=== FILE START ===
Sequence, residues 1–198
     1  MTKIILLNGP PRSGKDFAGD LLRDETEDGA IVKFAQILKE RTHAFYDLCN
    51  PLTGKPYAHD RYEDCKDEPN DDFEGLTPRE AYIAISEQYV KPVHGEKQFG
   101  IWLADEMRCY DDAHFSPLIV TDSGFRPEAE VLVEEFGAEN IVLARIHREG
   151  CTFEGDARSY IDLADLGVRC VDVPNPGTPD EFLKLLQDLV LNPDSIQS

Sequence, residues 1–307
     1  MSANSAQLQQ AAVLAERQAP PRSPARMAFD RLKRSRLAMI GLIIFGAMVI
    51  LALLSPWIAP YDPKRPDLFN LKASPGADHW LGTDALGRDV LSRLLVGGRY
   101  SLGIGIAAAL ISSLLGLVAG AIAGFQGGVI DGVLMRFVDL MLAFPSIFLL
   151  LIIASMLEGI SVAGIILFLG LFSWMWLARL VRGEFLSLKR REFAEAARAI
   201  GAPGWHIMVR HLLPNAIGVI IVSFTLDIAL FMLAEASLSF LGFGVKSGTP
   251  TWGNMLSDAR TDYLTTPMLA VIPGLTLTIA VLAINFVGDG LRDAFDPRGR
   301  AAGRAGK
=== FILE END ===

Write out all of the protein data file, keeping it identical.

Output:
Sequence, residues 1–198
     1  MTKIILLNGP PRSGKDFAGD LLRDETEDGA IVKFAQILKE RTHAFYDLCN
    51  PLTGKPYAHD RYEDCKDEPN DDFEGLTPRE AYIAISEQYV KPVHGEKQFG
   101  IWLADEMRCY DDAHFSPLIV TDSGFRPEAE VLVEEFGAEN IVLARIHREG
   151  CTFEGDARSY IDLADLGVRC VDVPNPGTPD EFLKLLQDLV LNPDSIQS

Sequence, residues 1–307
     1  MSANSAQLQQ AAVLAERQAP PRSPARMAFD RLKRSRLAMI GLIIFGAMVI
    51  LALLSPWIAP YDPKRPDLFN LKASPGADHW LGTDALGRDV LSRLLVGGRY
   101  SLGIGIAAAL ISSLLGLVAG AIAGFQGGVI DGVLMRFVDL MLAFPSIFLL
   151  LIIASMLEGI SVAGIILFLG LFSWMWLARL VRGEFLSLKR REFAEAARAI
   201  GAPGWHIMVR HLLPNAIGVI IVSFTLDIAL FMLAEASLSF LGFGVKSGTP
   251  TWGNMLSDAR TDYLTTPMLA VIPGLTLTIA VLAINFVGDG LRDAFDPRGR
   301  AAGRAGK